In sports news, the NFL referees lockout appears to be nearing its end, as an agreement between the referees’ union and the league was reached on Wednesday. Officials began signing the document on Friday and planned to fly directly to the cities of today’s games. The agreement will become official once 51% of the union’s 121 members ratify it. It’s a good thing, too, given NFL Commissioner Roger Goodell’s own admission to fans that “you deserve better” than games worked by replacement officials, who many analysts have said were not provided with adequate training before the season began.
Monday night’s showdown between the Green Bay Packers and Seattle Seahawks may have been the last straw, as the game was decided by a last-second Seattle touchdown; most who saw the play believe that the officials botched the call in counting the score, robbing Green Bay of a rightful victory. That’s why one of the regular officiating crews returned to work early for Thursday’s Baltimore-Cleveland clash. It may have been the first time in sports history that a crowd of 50,000 fans cheered in support of the referees — before the game even began.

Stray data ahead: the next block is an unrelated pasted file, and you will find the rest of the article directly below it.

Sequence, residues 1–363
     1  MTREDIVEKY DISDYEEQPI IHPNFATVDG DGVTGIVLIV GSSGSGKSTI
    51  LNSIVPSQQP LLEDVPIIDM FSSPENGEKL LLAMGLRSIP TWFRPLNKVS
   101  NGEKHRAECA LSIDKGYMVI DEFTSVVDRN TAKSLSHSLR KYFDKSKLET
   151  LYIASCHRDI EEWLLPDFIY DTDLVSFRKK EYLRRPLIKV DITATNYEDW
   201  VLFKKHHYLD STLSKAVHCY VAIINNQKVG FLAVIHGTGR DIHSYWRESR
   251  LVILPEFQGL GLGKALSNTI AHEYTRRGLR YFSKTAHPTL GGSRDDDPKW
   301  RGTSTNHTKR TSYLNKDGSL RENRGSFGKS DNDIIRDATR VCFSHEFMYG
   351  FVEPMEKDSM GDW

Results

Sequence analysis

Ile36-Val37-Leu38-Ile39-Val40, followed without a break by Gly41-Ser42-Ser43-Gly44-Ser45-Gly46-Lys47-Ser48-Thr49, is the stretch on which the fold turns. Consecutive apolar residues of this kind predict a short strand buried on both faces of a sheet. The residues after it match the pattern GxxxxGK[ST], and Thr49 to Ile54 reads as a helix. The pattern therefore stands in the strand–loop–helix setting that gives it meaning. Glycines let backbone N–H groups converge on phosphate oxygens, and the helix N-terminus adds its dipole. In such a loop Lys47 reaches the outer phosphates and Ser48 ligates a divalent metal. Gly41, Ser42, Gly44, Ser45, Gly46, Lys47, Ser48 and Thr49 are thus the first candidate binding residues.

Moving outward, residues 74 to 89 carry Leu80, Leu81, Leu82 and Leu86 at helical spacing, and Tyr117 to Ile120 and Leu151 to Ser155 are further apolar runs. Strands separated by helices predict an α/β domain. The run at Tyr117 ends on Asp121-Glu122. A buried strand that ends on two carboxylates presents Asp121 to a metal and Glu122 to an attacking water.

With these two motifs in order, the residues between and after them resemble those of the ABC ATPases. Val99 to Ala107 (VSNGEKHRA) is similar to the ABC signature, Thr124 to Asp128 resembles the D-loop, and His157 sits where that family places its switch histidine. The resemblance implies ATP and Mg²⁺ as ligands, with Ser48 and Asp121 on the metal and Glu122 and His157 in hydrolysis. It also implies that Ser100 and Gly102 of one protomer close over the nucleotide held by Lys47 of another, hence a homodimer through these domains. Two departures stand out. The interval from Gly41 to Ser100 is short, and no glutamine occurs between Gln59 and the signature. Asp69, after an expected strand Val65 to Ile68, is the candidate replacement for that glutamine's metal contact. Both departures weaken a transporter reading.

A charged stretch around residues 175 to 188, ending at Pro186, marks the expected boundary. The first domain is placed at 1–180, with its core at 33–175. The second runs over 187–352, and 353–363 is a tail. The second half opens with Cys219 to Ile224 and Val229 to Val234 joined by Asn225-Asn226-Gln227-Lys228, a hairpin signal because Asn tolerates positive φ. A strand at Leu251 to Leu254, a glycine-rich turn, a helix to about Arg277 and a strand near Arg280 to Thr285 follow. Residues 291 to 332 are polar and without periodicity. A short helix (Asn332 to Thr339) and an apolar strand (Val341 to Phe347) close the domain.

With the NFL lockout apparently resolved, it’s time to watch the NHL negotiations to see if that league will follow suit. After all, the entire preseason has already been cancelled, and next week’s regular season games are in serious jeopardy now.
As we reach the two-week mark of the lockout over hockey’s collective bargaining agreement, both sides have been dancing around the major contentions over revenue sharing between players and owners, focusing instead on side issues like drug testing protocols and the length of practices. Officials hoped that starting with these lighter topics, on which the league and the players’ union have had positive discussions in the past, would set a better tone for negotiations moving forward. Negotiations were expected to continue throughout the weekend.
Space has offered some more exciting news, as the Curiosity rover appears to have found clear evidence of an ancient riverbed flowing across Mars. The rover sent back images of an outcrop of rocks with smooth surfaces, indicating that the stones repeatedly struck one another to smooth out their edges over time. Just as importantly, their surfaces were not coated in dirt, but were exposed and clean, which would counter any claim that the weathering arose due to wind rather than water. Other rocks appear to have been formed by water deposits cementing smaller, round pebbles together. As a NASA representative said, “Water transport is the only process capable of producing the rounded shapes of clasts [gravel fragments] this size.”